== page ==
NC: First of all, to learn enough to understand what you are talking about. Then, if your ideas are clarified enough, to try to work to carry them forward. So let’s take these examples. Take climate change. I don’t think you can discuss climate change for very long without reaching a very radical interpretation of the nature of existing institutions and why they have to be changed. There are built in features of our existing institutions which are leading us towards disaster with regard to the climate. Built in, you can find discussion of this in Marx if you like and so on, but it’s just part of market systems. We don’t really have market systems, it’s mostly fraud, but we have partial market systems and to the extent that you have a market system, inherent problems of markets do enter into operation. You can read about them in economic texts. There is a footnote that talks about market inefficiencies. So, what are the market inefficiencies? Well, a lot of them. One of them which is not talked about much is that markets direct your choices in particular areas. Like, say I can choose to buy a Toyota or a Chevrolet, but I can’t choose in a market system to get a subway system, that is a collective action. Market systems don’t allow that. So it has an enormous distorting effect on the choices that are available. There are plain inefficiencies, even from the point of view of markets, externalities, crucially. So for example, if you and I make a transaction we’ll make sure that we make out okay, we’re not considering the effects on that guy over there, that doesn’t enter into market transactions and those effects can be very substantial. In fact we are right in the middle of one right now, the financial crisis. When big institutions, like Goldman Sachs, when they make some risky transaction, whatever it is, if they are paying attention, they will try to cover their own potential losses but they don’t pay attention to what’s called systemic risk; the possibility that their failed transaction might bring down the entire system. In fact, they really don’t have to worry much about that because we don’t have a market system. So therefore they can run cap in hand to the nanny state and say ‘bail me out’ and that’s what happens. If it was a market system it would lead to a total collapse. This way it leads to massive financial disaster and then the nanny state comes in and bails you out, up to a point. Those are externalities, but there is a much more serious one. If, say, the business world, say energy corporations, or for that matter both political parties, who work for the corporate sector, basically; if they decide, as they are doing, that we should extract every drop of oil, every bit of hydrocarbons from underground, including Tar Sands and everything else, they are very excited about it, very euphoric, you can read it in the newspapers every day, David Brooks this morning; both parties boast ‘this will be wonderful, it will save us from subservience to Middle East oil dictators and Venezuela,’ for which there isn’t one particle of evidence, and we’ll be self sufficient and energy independent for a century. But meanwhile, there is a slight externality, we’ll destroy the world. Oh, okay, but you don’t pay attention to that in a quasi-market system. That’s not part of the transaction. The transaction is ‘let’s make as much money as we can tomorrow,’ and for governments ‘let’s have as much power as we can,’ but not ‘well, okay, our grandchildren won’t have a world to live in.’ That’s an externality, it’s not part of the system and here you can’t run to anybody cap in hand to bail you out. This is inherent in the institutions we have and you can see it happening. It’s kind of striking when you look at the world today, if there is ever a future historian they are going to be amazed with what they see in the early twenty first century. There are a variety of reactions to very likely climate and environmental disaster. It is very likely, in fact not very far away perhaps. There are a variety of reactions. There are some that are trying to do something about it. In the lead, trying to do something about it are the preindustrial societies, the indigenous societies, the tribal societies, First Nations in Canada or indigenous people in Ecuador, Bolivia, Australia, all over. They are in the lead. They want to do something about it and they are. So for example, in Ecuador, which is an oil producer with a large indigenous population, the government is trying to get some support for leaving their oil in the ground, which is where it ought to be. So that’s the indigenous societies. Then you go up to the richest, the most powerful societies in history, incomparable advantages, peak of western civilization. They are trying to race to disaster as fast as possible. So, you know, ‘those silly Indians want to leave their oil in the ground, we want to get it out as fast as possible so we can wreck the environment for our grandchildren.’ That’s the world we live in. Now you can’t go very far talking about climate change without running into fundamental features of our basic institutions. So I don’t think this dichotomy means much and that’s true on every other issue you look at. You very quickly run into institutional factors that are deeply rooted in the nature of the society. So you go quite quickly to what’s called a radical critique.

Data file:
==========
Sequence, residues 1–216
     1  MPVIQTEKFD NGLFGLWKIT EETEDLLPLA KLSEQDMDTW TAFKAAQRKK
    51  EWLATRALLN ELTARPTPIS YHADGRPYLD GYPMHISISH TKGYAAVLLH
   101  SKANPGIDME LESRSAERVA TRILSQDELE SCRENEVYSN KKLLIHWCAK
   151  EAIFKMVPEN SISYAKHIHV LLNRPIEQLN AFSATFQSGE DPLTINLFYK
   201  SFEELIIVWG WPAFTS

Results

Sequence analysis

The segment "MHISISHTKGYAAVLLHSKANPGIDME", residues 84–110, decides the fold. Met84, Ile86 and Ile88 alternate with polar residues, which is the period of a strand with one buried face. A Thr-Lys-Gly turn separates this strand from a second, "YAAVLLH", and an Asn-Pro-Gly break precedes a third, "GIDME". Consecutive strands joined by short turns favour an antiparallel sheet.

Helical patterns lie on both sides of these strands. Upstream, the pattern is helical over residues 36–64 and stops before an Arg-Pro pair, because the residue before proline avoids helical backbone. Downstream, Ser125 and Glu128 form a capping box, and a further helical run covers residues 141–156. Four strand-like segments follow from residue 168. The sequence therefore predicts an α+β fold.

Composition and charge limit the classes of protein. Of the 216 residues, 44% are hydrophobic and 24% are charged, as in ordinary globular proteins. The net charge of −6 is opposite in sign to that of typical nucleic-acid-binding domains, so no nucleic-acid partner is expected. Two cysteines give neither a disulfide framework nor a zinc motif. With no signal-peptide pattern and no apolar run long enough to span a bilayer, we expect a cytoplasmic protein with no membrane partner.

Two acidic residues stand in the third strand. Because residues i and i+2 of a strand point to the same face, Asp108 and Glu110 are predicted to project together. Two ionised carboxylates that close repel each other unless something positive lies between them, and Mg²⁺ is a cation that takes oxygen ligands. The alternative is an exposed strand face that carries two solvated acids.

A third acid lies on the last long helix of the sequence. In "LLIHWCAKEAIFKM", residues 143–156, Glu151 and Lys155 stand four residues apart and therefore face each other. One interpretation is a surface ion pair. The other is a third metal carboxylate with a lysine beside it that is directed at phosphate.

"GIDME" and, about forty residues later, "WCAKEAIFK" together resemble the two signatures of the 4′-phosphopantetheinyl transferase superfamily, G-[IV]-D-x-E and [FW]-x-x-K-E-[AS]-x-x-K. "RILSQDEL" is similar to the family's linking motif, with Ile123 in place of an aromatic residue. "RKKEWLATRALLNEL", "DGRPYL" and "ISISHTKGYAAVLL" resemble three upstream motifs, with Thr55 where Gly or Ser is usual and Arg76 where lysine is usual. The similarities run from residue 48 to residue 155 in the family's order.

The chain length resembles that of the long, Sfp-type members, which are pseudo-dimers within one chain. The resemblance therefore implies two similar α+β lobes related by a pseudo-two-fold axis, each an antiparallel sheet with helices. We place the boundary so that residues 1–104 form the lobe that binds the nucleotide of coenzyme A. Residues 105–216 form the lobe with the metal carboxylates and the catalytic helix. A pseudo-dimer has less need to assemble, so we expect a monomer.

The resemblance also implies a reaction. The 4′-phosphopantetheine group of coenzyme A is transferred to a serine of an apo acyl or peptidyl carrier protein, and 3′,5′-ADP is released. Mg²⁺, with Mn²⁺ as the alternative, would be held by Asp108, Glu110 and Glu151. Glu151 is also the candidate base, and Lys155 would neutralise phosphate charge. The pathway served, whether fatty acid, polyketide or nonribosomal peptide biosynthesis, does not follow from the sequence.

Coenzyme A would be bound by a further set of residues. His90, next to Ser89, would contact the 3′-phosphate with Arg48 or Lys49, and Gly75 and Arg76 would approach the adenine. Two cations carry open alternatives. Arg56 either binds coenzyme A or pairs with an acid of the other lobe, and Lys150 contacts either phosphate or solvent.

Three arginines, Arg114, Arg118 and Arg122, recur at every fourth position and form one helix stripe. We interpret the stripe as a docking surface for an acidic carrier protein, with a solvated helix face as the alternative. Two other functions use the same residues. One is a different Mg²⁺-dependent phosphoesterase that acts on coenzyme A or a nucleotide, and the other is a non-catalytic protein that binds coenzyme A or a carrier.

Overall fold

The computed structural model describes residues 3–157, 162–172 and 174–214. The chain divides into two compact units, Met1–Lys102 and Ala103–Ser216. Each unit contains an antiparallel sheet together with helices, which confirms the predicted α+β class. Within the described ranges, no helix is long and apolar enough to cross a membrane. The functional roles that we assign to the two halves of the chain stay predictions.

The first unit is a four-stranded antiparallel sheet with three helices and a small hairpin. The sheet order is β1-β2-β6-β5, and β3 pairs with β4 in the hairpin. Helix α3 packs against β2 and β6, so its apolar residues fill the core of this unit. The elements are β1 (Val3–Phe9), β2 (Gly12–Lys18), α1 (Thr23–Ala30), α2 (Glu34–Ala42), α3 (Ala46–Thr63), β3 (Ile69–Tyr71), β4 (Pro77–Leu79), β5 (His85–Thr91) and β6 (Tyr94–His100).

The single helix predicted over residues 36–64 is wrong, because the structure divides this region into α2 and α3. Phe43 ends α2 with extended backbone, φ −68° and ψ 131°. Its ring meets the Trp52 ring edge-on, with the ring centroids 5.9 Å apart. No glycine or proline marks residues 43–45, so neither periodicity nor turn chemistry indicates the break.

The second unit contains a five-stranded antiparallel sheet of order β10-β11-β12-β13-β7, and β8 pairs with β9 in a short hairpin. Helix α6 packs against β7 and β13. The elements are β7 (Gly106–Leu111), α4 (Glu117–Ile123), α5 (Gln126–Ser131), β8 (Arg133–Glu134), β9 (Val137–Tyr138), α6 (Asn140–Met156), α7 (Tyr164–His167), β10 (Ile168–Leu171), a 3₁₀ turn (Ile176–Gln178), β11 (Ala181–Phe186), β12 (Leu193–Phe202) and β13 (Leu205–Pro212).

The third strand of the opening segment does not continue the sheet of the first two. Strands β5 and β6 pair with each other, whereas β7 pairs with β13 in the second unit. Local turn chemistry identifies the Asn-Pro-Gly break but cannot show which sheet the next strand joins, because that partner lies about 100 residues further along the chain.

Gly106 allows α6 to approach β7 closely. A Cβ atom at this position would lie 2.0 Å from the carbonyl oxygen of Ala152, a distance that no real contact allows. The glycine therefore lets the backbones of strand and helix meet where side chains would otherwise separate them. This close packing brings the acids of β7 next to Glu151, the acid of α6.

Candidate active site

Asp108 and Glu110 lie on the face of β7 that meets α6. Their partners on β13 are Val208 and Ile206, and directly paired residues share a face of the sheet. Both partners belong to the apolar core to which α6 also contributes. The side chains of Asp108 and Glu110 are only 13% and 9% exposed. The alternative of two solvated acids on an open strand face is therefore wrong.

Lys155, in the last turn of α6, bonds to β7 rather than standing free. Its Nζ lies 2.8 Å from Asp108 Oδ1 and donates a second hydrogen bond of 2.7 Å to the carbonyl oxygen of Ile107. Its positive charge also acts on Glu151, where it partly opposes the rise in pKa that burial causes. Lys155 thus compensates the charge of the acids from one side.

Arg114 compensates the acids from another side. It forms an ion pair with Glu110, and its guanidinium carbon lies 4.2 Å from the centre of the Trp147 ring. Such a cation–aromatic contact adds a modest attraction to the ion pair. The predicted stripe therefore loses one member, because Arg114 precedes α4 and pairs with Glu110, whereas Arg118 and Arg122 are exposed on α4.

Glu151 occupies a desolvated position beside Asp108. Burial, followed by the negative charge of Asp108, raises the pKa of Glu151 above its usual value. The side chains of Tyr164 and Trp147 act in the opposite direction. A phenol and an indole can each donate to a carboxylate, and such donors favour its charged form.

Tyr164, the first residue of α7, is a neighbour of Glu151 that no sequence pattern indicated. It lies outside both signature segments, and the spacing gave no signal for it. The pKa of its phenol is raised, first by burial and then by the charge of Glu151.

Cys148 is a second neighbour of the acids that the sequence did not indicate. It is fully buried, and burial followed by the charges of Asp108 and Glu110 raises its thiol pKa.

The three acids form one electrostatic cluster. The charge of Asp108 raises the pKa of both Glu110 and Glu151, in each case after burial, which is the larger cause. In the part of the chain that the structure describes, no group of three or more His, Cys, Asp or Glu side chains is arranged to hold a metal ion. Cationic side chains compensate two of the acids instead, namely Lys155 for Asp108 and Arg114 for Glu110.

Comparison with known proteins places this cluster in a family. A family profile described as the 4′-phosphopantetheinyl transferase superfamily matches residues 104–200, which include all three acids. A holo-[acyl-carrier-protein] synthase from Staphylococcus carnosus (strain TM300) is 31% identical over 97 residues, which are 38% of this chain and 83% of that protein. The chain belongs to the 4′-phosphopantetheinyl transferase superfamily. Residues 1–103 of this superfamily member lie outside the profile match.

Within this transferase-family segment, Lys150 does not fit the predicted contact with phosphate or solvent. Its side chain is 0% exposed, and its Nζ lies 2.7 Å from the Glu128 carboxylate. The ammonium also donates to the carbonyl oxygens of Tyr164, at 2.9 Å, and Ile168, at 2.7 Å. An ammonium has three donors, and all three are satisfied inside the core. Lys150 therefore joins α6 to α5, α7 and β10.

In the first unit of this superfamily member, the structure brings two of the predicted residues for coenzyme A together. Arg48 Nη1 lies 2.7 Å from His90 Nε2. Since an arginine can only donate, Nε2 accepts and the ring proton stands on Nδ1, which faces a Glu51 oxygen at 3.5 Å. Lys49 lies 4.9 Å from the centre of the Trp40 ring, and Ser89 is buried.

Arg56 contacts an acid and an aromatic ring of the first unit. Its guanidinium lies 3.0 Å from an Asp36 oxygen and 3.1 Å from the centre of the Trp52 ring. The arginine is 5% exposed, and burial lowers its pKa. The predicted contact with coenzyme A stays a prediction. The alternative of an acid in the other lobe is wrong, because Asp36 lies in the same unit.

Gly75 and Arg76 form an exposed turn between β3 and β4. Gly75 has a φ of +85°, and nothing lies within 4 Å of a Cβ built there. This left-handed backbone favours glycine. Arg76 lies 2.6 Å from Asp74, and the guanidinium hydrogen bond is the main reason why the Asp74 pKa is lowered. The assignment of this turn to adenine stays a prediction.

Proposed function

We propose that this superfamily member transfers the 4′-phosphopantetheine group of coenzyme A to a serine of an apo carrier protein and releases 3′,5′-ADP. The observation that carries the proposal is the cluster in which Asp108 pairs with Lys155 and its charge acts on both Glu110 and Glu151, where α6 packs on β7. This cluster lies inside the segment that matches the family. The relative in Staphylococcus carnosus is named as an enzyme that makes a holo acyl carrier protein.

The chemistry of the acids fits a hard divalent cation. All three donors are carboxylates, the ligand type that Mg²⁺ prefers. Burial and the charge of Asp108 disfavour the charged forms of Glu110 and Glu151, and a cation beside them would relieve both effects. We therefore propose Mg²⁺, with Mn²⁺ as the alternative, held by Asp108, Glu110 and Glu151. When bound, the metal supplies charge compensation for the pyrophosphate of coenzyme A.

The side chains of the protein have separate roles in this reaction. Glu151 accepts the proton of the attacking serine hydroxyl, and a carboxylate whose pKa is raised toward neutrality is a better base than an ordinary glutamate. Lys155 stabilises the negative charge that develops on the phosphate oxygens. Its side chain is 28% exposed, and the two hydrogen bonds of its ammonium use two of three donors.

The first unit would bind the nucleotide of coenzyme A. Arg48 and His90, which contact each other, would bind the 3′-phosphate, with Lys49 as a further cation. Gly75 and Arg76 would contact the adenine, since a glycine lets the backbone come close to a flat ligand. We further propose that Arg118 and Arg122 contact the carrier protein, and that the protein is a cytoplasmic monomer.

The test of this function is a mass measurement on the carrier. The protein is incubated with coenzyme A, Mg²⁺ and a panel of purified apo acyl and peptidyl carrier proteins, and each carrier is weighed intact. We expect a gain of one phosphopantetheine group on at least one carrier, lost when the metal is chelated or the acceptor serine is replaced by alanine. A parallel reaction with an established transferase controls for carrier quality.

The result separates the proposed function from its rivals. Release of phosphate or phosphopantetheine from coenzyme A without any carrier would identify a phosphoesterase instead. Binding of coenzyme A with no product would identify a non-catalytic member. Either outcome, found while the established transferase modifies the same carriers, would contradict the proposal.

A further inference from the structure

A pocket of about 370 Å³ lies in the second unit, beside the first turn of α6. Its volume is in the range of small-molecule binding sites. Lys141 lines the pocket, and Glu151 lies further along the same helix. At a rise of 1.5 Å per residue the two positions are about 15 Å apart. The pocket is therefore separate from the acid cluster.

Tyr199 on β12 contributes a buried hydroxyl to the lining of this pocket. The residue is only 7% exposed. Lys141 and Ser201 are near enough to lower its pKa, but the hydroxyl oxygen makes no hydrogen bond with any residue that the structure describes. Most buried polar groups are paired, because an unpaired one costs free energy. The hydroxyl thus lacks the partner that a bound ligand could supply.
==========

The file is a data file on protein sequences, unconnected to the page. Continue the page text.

CH: Do you think that for students in our universities today, it is important to focus on these single issues because they contain within them the critique of the system?